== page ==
How will Delta-Northwest merger affect you?

— -- Delta and Northwest's plan to merge would create the world's biggest airline, one with flights from the USA to international destinations throughout Europe and Asia. Here are the answers to some frequently asked questions:

Q: Do I have to worry about Delta or Northwest canceling my flight because of the merger?

A: No. Travelers won't see any dramatic changes in operations by either airline in the near term because of the merger. At this point, it's only a proposal. The merger needs approval by government regulators, and that process alone will take months.

Q: What will happen to fares if the merger goes through?

A: Fares have been rising, regardless of a potential merger, because of soaring fuel prices. Whether the proposed merger lifts rates even higher will depend on many factors, such as whether the combination reduces competition on any routes or whether the combined airline reduces capacity elsewhere throughout its network.

Q: Where should customers buy tickets?

A: Continue to book with the airline or agency you use now. Both airlines will maintain their individual websites and toll-free reservation numbers while they await government approval. You can expect changes only once the merger is approved and the airlines begin to switch to a single reservation system. When US Airways and America West merged, the airlines didn't switch to a single reservation system until about two years after the merger announcement.

Q: If I'm holding a Northwest ticket, where should I go when I reach the airport?

A: Proceed as you normally would. The airlines haven't yet merged, so Northwest ticket holders still board at a Northwest gate.

Q: Will the Northwest brand disappear?

A: That's the plan. But phasing out the Northwest name would take years. When US Airways merged with America West, the new airline phased in its new name over two years, beginning with airplane exteriors and signs at airports.

Q: What happens with my frequent-flier miles?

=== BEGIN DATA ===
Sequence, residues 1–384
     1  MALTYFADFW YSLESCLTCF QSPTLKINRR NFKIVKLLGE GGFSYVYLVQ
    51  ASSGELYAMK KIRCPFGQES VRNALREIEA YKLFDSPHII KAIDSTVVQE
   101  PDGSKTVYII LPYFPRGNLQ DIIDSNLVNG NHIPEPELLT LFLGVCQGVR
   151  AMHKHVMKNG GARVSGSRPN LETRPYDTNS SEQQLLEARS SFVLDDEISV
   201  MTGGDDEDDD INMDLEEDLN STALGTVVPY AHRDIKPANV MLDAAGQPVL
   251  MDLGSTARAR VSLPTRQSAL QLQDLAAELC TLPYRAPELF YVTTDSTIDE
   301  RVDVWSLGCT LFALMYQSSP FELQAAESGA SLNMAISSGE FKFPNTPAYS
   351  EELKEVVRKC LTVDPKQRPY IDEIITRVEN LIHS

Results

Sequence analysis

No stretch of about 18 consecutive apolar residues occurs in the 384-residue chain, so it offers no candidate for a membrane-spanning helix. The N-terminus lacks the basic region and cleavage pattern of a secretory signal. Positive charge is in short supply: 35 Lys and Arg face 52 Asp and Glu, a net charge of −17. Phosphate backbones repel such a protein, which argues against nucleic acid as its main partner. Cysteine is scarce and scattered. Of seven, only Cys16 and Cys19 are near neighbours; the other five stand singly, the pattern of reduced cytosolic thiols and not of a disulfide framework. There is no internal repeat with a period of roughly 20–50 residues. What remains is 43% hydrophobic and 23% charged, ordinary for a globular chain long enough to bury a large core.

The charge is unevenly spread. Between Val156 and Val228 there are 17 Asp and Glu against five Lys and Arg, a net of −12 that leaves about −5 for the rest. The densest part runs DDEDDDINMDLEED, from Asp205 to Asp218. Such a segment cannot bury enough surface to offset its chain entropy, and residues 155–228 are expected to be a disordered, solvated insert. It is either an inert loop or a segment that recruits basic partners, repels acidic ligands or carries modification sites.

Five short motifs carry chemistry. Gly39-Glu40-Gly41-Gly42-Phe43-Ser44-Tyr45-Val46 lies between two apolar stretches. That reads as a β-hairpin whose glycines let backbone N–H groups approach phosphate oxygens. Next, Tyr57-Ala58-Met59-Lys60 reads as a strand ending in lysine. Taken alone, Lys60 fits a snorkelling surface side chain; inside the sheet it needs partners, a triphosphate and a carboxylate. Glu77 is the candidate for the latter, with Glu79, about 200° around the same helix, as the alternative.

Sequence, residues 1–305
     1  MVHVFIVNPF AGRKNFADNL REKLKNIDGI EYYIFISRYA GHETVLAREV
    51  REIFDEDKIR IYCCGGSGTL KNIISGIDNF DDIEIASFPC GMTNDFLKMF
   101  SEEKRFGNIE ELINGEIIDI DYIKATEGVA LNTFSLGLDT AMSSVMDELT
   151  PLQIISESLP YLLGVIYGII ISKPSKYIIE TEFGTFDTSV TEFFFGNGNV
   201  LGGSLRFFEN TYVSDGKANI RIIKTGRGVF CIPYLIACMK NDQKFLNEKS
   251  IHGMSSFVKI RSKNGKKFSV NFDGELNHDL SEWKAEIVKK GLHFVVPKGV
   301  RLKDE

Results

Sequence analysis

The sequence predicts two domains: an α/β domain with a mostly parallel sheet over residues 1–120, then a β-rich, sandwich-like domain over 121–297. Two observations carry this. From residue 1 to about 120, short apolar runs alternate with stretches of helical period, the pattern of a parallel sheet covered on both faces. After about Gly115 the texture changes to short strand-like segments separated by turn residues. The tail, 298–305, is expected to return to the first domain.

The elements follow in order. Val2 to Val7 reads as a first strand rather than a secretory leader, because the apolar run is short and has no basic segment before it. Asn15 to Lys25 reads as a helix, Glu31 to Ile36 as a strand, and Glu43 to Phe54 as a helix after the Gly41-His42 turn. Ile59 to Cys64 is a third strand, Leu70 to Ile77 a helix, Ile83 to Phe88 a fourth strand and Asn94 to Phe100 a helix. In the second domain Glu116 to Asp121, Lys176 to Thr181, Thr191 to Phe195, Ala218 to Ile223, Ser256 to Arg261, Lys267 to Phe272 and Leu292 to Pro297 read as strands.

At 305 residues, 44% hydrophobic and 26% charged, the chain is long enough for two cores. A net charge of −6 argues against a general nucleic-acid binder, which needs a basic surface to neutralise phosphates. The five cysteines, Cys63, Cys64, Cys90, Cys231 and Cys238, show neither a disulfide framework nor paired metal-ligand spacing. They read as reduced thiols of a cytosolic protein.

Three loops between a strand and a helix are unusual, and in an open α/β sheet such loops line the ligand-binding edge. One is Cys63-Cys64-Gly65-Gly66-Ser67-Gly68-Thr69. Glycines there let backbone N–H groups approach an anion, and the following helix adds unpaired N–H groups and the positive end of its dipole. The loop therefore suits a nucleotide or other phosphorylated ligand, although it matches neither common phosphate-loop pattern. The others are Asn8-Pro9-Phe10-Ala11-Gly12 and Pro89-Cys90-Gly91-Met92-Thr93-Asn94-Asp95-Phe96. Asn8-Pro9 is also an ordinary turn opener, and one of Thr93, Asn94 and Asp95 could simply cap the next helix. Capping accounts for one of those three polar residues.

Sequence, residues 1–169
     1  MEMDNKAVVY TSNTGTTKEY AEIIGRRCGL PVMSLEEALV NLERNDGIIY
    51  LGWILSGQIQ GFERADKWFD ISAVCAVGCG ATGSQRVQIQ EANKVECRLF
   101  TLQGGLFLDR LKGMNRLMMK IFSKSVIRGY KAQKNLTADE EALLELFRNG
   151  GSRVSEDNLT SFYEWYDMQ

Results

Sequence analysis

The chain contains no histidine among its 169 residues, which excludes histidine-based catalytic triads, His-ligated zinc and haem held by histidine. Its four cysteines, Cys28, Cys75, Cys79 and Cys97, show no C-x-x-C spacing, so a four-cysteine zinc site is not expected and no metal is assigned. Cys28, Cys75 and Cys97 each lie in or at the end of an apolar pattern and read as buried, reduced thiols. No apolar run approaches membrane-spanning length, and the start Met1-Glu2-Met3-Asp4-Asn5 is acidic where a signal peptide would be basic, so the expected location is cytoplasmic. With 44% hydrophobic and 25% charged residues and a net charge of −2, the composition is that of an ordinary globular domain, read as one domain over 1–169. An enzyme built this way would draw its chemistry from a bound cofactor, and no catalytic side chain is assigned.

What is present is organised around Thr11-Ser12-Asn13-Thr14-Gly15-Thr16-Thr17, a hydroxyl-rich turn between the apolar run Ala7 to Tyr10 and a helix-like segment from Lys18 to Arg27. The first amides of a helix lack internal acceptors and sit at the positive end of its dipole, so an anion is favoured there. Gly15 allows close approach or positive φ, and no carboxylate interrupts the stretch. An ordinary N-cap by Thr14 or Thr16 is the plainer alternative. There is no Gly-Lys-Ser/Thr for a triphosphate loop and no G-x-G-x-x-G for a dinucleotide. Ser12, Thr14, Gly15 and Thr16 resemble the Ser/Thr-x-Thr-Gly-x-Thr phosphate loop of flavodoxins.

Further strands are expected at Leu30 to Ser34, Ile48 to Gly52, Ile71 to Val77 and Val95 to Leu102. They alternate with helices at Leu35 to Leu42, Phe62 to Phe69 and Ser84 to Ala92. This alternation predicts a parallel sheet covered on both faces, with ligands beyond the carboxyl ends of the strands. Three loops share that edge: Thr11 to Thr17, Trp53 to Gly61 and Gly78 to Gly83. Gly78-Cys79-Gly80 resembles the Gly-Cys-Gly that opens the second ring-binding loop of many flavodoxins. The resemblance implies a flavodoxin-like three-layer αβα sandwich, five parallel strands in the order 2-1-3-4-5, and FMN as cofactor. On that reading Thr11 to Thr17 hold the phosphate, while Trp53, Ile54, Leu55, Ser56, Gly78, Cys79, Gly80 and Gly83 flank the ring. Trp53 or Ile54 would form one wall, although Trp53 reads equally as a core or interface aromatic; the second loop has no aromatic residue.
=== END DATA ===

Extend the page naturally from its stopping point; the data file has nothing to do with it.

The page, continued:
A: Delta SkyMiles and Northwest WorldPerks members won't see immediate changes.

Q: What will a successful merger mean for globe-trotters?

A: More choices. A successful merger will make the new airline's global network the biggest in the USA: Northwest has one of the world's largest Pacific route networks that links seven U.S. cities and 12 Asian destinations via its Tokyo hub. Delta operates more trans-Atlantic flights than any other U.S. airline. Both airlines are already members of the SkyTeam alliance (, which includes 11 airlines serving 841 destinations in 162 countries. Member airlines include Air France-KLM, Korean, China Southern and AeroMexico.

Q: Is one airline better than the other when it comes to operating flights on time?

A: According to the latest Department of Transportation report, Delta operated 76.8% of its flights on time over the past year, while Northwest operated 70.2% on time. That ranked Delta No. 5 and Northwest No. 15 out of 20 airlines measured.

Q: Which airline bumps more passengers off oversold flights against their will?

A: Delta had a worse involuntary bumping rate than Northwest for the last two years.

Q: Which airline is better at getting checked bags to fliers when their flight lands?

A: Northwest. Delta had a higher rate of claims of mishandled bags than Northwest for both 2007 and 2006, according to the DOT.